A Christmas tree, Dame Judi’s love of trees and the barbarians and vandals of Sheffield…

Yesterday was all about trees. First up was the Christmas tree in my mother’s back garden. It needed to be in the house or replaced by a smaller one.

They’d got the tree home and it was sitting at the end of the garden. Too big to come inside, my mother’s partner reckoned. It seemed a shame though to leave it out there. So, with much huffing and a few scratches, I dragged the inconvenient tree into the front room and went up into the loft to find the Christmas decorations.

Mum has just had a hip replacement at the age of 85 and isn’t her usual mobile self. She directed the positioning of the tree, we strung up the lights, then I was left to do the decorating.

That tree didn’t look half bad if you closed one eye.

My mother likes Christmas and was cheered by the tree. Years ago, in the late 1960s, we moved just before Christmas and the tree came with us in the removal van. Even an otherwise chaotic new house had to have a tree in it.

Later we watched a TV programme that sounded odd but was in the event lovely. Judi Dench: My Passion for Trees (BBC1) was a love song to trees. Or perhaps a sonnet to trees, as Dame Judi’s other love is Shakespeare. She quotes Shakespeare a lot. You suspect she slings a sonnet into the conversation without much provocation.

Judi’s other, other love was Michael, who died 16 years ago. He is remembered by a tree in the secret woodland at their Surrey home. Judi has a new companion now, and a few other men who have come along to talk to her about trees. Or to talk to trees. No, Charles isn’t there, but he’d have enjoyed himself all right.

Judi talks to trees too. Or, more interestingly, listens to the trees. One of the tree men takes Judi to a bluebell wood, along with headphones and some equipment he’s designed, a sort of tree stethoscope. This allows Judi to listen to the tree. Apparently one of the sounds she can hear is the tree having a drink. The water is sucked through xylem tubes to the leaves.

“Ah, it’s riveting. It’s wonderful,” says Judi. Or gasps perhaps. She does that a lot: gasps with delight and wonder at the strange and beautiful things trees can do. Making their leaves taste unpleasant when deer or insects drop by for a nibble. Communicating with each other through a network of underground tiny fungus tentacles – yep, trees can to that too, calling on chemical help from other trees.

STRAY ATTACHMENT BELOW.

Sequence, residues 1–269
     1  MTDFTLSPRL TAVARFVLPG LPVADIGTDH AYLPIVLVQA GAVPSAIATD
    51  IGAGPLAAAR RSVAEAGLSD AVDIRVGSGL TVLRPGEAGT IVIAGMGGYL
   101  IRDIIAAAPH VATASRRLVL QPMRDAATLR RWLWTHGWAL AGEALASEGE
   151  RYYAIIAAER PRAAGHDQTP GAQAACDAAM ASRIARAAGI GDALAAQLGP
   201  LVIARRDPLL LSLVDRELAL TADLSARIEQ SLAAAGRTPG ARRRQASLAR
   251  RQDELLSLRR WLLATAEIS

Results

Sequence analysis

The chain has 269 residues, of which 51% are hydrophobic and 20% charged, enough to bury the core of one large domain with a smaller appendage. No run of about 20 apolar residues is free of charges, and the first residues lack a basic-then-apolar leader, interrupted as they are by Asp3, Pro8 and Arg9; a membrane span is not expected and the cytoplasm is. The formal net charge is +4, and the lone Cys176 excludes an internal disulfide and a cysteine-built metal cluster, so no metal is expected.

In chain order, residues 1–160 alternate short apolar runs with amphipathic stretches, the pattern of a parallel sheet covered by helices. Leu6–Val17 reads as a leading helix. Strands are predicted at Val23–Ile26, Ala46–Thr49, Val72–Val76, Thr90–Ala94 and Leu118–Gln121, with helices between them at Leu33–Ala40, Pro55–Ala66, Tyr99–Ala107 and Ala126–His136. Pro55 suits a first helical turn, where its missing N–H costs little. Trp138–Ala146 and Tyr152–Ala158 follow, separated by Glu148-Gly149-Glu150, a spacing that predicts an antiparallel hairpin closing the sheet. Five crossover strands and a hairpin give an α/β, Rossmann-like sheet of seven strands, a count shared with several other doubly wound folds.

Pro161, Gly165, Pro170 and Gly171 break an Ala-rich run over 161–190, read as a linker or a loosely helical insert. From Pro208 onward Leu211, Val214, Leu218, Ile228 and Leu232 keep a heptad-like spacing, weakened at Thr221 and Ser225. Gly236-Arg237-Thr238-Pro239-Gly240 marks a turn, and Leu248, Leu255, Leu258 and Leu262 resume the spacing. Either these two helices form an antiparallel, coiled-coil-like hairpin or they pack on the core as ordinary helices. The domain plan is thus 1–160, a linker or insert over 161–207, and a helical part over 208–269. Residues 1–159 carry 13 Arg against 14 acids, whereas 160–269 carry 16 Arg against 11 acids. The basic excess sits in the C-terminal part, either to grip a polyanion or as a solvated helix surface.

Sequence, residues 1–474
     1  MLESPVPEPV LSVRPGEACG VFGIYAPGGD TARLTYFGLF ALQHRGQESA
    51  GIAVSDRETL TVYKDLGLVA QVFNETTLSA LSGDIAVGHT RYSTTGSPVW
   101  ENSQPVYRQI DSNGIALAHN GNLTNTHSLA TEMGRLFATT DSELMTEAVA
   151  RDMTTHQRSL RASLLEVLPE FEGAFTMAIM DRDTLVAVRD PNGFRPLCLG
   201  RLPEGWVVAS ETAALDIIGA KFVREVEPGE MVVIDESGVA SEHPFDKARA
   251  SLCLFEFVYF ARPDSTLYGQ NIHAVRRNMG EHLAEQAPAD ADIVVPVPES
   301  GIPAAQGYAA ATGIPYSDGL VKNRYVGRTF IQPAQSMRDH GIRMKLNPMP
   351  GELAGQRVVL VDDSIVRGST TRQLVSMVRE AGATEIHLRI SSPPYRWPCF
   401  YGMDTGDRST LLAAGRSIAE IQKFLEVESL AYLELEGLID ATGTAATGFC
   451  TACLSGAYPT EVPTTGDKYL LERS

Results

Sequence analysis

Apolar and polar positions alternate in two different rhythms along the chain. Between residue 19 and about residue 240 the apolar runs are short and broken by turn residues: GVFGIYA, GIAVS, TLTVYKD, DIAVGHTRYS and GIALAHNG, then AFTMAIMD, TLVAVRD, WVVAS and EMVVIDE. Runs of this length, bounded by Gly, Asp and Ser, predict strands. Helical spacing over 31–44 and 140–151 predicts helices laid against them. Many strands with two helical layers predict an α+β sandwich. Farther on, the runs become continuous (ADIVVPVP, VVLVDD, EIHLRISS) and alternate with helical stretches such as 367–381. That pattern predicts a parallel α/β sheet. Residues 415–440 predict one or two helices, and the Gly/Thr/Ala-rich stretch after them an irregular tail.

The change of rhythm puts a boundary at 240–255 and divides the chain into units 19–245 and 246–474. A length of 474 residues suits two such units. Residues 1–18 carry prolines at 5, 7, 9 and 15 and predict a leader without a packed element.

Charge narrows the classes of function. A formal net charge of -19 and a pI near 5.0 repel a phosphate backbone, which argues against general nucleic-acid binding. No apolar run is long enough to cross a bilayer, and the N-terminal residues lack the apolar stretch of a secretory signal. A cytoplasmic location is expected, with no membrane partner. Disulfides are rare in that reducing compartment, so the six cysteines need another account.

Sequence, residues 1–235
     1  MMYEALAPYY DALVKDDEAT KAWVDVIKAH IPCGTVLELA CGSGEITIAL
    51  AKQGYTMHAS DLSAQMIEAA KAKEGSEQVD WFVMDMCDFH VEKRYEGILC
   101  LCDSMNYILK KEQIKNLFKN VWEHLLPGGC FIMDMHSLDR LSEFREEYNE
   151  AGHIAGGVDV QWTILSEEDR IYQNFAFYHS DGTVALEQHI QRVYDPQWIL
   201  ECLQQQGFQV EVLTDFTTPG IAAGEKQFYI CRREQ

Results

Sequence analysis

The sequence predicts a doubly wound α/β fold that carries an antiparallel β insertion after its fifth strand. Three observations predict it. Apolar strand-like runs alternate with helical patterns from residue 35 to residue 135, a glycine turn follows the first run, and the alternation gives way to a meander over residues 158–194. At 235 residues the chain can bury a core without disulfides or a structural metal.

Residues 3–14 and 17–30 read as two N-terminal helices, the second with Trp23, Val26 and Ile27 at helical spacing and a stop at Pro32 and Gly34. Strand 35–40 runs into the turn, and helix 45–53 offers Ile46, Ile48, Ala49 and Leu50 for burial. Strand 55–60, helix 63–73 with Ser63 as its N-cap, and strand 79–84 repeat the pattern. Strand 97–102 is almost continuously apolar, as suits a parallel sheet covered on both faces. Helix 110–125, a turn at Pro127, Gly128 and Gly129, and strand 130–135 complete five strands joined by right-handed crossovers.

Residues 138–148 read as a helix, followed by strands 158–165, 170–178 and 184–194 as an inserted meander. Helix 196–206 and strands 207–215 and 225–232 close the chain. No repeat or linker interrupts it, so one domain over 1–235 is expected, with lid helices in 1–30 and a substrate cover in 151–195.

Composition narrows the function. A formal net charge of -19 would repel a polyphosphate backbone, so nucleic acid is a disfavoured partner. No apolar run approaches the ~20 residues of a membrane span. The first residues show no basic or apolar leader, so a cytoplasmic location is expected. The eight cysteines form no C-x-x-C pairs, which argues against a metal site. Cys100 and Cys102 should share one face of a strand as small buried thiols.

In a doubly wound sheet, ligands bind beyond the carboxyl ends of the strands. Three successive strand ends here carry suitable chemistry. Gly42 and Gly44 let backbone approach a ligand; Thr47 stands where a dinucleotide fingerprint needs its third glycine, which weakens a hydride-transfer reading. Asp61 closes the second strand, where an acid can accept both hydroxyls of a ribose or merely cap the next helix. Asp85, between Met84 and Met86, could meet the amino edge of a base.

All of this and much more is amazing. As is the 1,500-year-old yew tree in a graveyard. That tree was shot in the Civil War and carries the cannonball deep inside its woody intestines.

So, yes, a very theatrical actress gushing about trees sounds odd but was in fact delightful. That Dame’s a dear.

They should have sent Judi to Sheffield, too. That one Christmas tree I dragged into my Mum’s house might have been inconvenient, but in Sheffield hundreds of trees are in the way. Thanks to an appalling PFI deal struck between the Labour-controlled council and the firm Amey, trees are being chopped down all over that fine Yorkshire city.

If you visit the Sheffield Trees Action Groups’ website, you will discover many indignities inflicted on trees in the name of urban tidiness. A before-and-after photograph shows Withens Avenue in Hillsborough. Before: a lovely avenue in a suburban street; after: a row of sad stumps.

You will also discover on that website a new word. Thanks to the tree mourners for introducing me to “solastalgia”, a neologism that summons up the “pain arising from seeing a loved landscape changed irrevocably around you”.

Dame Judi Dench should count herself lucky that she didn’t hand over the maintenance of her wood to Amey. Tree vandals and barbarians, the lot of them.

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